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75 c*ni FORSyTH CNTy pUB lib | Winston-Salem Greensboro High Point r Tol. xxiv No. 11
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The Choice for African-American News and Information v r ?
;?? website address: www.netunlimited.net/~wachron
A neighborhood is born in southeast Winston-Salem
ifc'} Twenty-two houws under oon
f struction in the Morningside
" neighborhood are the seeds of a
' new neighborhood.
In what once was a vacant field
" off Pleasant Street, the Pleasant
- Hills subdivision has emerged,
f making the American dream of
' home ownership a reality for sev
f era! local families. The homes are
'?the result of an innovative public
private partnership between the
? Housing Partnership of Winston
? Salem and Forsyth County Inc.,
1 ? -*
Habitat for Humanity and the
City of Winston-Salem.
"This is a wonderful blessing,"
said Beatrice Rice as she chatted
with friends in her new driveway.
She and other new homeowners
expect to move in by the end of the
Rice, a single mother raising
two children, said owning her own
home is "like a dream come true."
"1 had been trying to figure out
how I was going to do it all by
As it turned out, she didn't have
to do it all by herself. Rice has the
assistance of Habitat for
Humanity. And in return, she has
helped others accomplish the same
"Where else could I get a 20
year, interest-free mortgage?" Rice
asked. She added, "This is one of
the greatest programs around."
State Rep. Larry Womble
agrees. Womble was on hand
Sunday for the dedication of the
new subdivision, which was fol
lowed by a tour of several home* <
According to Wombie, the new
property owner isn't the only one
who benefits by cooperative com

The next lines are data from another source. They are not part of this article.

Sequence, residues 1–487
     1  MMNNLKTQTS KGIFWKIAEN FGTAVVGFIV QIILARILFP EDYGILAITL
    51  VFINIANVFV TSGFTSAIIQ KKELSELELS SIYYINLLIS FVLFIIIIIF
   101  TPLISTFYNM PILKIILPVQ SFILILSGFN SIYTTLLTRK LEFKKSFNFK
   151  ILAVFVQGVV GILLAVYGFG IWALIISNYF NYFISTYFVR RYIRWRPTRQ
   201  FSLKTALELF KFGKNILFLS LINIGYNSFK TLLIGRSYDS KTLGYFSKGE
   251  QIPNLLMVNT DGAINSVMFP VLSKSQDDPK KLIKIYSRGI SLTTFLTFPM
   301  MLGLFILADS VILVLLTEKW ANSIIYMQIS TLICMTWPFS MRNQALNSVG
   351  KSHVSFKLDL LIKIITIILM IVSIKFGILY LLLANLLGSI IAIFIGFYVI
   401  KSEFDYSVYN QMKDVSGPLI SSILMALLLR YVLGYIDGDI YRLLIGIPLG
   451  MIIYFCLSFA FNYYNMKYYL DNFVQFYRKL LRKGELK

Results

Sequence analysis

munity efforts to make such
affordable housing available.
"This is land that wasn't pro
viding any income for the city,"
Wombie said. "Now, in addition to
providing the residents with a
place to stay, the city can gain rev
Ste HABITAT on A2
Blacks in Triad view
new political landscape
A Crossing color line may have positive impact on city
By SHARON BROOKS HODGE
The Chronicle editor
There used to be a political entity known
as "the black vote," but it's gradually becom
ing an icon of the past, says Bill Andrews.
He's reluctant to admit it, but Andrews
may have been instru
mental in dismantling
the black political
monolith in Winston
$|Uem. Last week, as
(fie results of the
were being tabulated,
Andrews wasn't where
he would have been in
years past. A well
Andrews broke with
tradition. This time
around, he waited for
the returns with sup
porters of the
Republican candidate, mayor-elect Jack
"I'm not pinning accolades on my own
shoulder; I just decided to be honest with
myself and my fellow citizens," explained
Andrews wasn't the only displaced black
Democrat. Other African Americans, albeit
few in number, joined Andrews in crossing
old, established political lines. These folks
may be pioneers of a new political era,
Andrews suggests, explaining that black vot
ers are increasingly
issues, not blanket
"I believe people
are becoming more
aware of what's going
on around them,"
Andrews said in an
interview with the
Chronicle this week.
"Instead of voting for
the person we feel
we're supposed to
support, we're think
ing about who we feel
will be better for the
broader community. That's not always deter
mined by race and party."
The long-term result of that new outlook
on politics, says Andrews, could be a tremen
See LANDSCAPE on A2
Mavericks challenge elections
and traditional black leadership
GREENSBORO ? Two black men
refuse to go along with politics as usual in
The municipal elections may be over in
most parts of North Carolina, but that's
not the case in Greensboro. John Harris
and Keith Bryant both filed complaints
with the Guilford County Board of
Elections this week. And for each, the
fight is bigger than merely getting elected.
See CHAUlNOi on a*
Police chief defends
the use of pepper spray
?Ifolice Chief George Sweat isn't giving up OC,
cpitimonly known as pepper spray, despite repeated
requests from two black organizations and other
."OC works," Sweat told city aldermen serving